The quantity of light reaching a certain surface is
usually the main consideration in designing a lighting system.

This quantity of light is specified by **illuminance
**measured in **lux,**
and as this level varies across the ** working plane**,
an average figure is used.

CIBSE Lighting Guides give
values of illuminance that are suitable for
various areas.

The section - Lighting
Levels in these notes also gives illuminance
values.

The lumen method is used to determine the number of lamps that should be installed for a
given area or room.

__Calculating for the Lumen Method__

The method is a commonly used technique of lighting
design, which is valid, if the light fittings **(luminaires)** are to be mounted
overhead in a regular pattern.

The luminous flux output **(lumens)** of each lamp needs to be
known as well as details of the luminaires and the room surfaces.

Usually the **illuminance** is
already specified e.g. office 500 lux, kitchen 300 lux, the designer chooses
suitable luminaires and then wishes to know how many are required.

The **number of lamps** is given by the formula:

where,

N = number of lamps required.

E = illuminance level required (lux)

A = area at working plane height (m^{2})

F = average luminous flux from each lamp
(lm)

UF= utilisation factor, an allowance for the light distribution
of the luminaire

and
the room surfaces.

MF= maintenance
factor, an allowance for reduced light output because of deterioration and
dirt.

__Example 1__

A production area in a factory measures 60 metres x 24 metres.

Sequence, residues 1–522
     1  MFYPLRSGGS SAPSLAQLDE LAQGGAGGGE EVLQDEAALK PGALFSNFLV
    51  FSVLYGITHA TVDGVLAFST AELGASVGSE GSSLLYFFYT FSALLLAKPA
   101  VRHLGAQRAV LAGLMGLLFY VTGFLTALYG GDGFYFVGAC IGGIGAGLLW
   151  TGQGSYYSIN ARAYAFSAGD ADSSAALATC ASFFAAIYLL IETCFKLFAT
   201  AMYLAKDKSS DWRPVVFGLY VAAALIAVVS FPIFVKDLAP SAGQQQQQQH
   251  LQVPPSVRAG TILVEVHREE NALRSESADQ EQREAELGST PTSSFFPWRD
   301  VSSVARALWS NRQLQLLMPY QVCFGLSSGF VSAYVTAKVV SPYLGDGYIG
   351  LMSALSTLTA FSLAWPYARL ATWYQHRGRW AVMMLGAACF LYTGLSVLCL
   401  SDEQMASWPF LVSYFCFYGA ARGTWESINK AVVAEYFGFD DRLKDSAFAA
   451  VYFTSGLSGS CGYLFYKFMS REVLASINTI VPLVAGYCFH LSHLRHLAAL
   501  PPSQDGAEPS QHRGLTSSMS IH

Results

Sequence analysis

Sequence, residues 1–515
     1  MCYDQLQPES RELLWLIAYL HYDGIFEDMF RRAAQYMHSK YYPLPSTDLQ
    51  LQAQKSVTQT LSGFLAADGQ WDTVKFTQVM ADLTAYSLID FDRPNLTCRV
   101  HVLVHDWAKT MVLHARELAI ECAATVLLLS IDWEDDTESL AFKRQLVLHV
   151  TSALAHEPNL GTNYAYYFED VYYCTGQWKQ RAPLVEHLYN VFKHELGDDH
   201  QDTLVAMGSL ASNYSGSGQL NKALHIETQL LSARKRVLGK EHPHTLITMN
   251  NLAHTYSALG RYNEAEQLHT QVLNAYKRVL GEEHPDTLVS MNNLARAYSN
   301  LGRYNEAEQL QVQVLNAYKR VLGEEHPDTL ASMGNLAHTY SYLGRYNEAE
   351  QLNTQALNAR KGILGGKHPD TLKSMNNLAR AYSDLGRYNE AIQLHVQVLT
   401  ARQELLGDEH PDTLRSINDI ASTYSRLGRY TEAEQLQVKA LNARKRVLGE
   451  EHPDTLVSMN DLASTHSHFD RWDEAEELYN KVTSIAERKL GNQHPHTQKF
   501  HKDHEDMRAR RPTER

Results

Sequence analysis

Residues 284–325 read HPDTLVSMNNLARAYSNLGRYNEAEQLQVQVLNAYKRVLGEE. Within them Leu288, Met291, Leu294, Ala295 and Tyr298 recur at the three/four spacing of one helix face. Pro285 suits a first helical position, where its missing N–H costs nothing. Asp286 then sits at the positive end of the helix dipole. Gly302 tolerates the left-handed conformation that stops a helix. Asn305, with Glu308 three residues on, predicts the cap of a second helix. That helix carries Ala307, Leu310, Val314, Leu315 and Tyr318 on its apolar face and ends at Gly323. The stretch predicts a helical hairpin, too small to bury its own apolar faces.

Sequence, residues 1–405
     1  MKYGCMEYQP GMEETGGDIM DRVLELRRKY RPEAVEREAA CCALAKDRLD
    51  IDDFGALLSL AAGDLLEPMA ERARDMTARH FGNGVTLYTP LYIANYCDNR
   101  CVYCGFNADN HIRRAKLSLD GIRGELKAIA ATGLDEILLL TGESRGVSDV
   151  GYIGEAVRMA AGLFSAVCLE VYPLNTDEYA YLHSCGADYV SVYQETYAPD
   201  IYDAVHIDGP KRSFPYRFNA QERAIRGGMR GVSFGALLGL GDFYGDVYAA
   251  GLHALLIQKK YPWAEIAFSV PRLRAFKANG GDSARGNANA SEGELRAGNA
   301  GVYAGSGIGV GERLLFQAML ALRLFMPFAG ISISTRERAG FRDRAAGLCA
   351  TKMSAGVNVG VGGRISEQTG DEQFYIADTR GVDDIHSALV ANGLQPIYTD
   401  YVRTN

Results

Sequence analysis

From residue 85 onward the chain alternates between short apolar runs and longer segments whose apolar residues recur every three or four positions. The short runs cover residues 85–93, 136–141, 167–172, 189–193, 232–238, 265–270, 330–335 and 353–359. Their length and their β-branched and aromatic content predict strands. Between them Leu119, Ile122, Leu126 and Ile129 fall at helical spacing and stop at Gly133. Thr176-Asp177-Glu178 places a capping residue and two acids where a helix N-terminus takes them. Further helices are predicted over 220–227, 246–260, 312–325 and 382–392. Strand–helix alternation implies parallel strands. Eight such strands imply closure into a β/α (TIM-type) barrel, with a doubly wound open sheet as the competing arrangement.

Find the number of lamps required if each
lamp has a Lighting Design Lumen (LDL) output of **18,000 lumens.**

The illumination required for the factory
area is **200 lux.**

Utilisation factor = 0.4

Lamp Maintenance Factor = 0.75

N = (
200 lux x 60m
x 24m )
/ ( 18,000 lumens
x 0.4 x
0.75 )

N = 53.33

N = **54 lamps.**

__Spacing__

The aim of a good lighting design is to
approach **uniformity**
in illumination over the working plane.

Complete uniformity is impossible in
practice, but an acceptable standard is for the **minimum** to be at least 70% of the **maximum
illumination level. **

This means, for example, that for a room
with an illumination level of 500 lux, if this is taken as the minimum level,
then the maximum level in another part of the room will be no higher than 714 lux as shown below.

500 /
0.7 = 714 lux

Data in manufacturer's catalogues gives the
maximum ratio between the **spacing** (centre to centre) of the fittings and
their **height
**( to lamp centre) above the working plane (0.85 metres above f.f.l.)

__Example 2__

Using data in the previous example show the
lighting design layout below.

The spacing to mounting height ratio is **3 : 2. **

The mounting height (H_{m}) = 4
metres.

The spacing between lamps is calculated
from from Spacing/H_{m} ratio of 3 : 2.

If the mounting height is 4 m then the
maximum spacing is:

3 / 2 = Spacing / 4

Spacing = 1.5
x 4 = 6 metres

_{ }

The number of rows of lamps is calculated
by dividing the width of the building (24 m) by the spacing:

24
/ 6 =
4 rows of lamps

This can be shown below. Half the spacing is used for the ends of
rows.

The number of lamps in each row can be
calculated by dividing the total number of lamps found in example 1 by the